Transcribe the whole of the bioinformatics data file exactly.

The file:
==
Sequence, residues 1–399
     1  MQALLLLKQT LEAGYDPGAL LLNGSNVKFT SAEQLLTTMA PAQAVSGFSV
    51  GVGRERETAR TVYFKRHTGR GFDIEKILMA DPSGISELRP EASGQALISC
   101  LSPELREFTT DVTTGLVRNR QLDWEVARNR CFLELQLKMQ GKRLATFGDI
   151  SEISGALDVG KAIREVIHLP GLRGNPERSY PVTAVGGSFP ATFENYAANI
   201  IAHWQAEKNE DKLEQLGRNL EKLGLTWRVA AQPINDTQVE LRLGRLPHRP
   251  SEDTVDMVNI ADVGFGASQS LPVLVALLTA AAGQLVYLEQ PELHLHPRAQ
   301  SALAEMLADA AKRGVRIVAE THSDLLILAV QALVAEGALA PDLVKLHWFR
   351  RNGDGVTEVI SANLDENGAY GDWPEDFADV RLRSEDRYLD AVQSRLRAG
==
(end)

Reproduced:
Sequence, residues 1–399
     1  MQALLLLKQT LEAGYDPGAL LLNGSNVKFT SAEQLLTTMA PAQAVSGFSV
    51  GVGRERETAR TVYFKRHTGR GFDIEKILMA DPSGISELRP EASGQALISC
   101  LSPELREFTT DVTTGLVRNR QLDWEVARNR CFLELQLKMQ GKRLATFGDI
   151  SEISGALDVG KAIREVIHLP GLRGNPERSY PVTAVGGSFP ATFENYAANI
   201  IAHWQAEKNE DKLEQLGRNL EKLGLTWRVA AQPINDTQVE LRLGRLPHRP
   251  SEDTVDMVNI ADVGFGASQS LPVLVALLTA AAGQLVYLEQ PELHLHPRAQ
   301  SALAEMLADA AKRGVRIVAE THSDLLILAV QALVAEGALA PDLVKLHWFR
   351  RNGDGVTEVI SANLDENGAY GDWPEDFADV RLRSEDRYLD AVQSRLRAG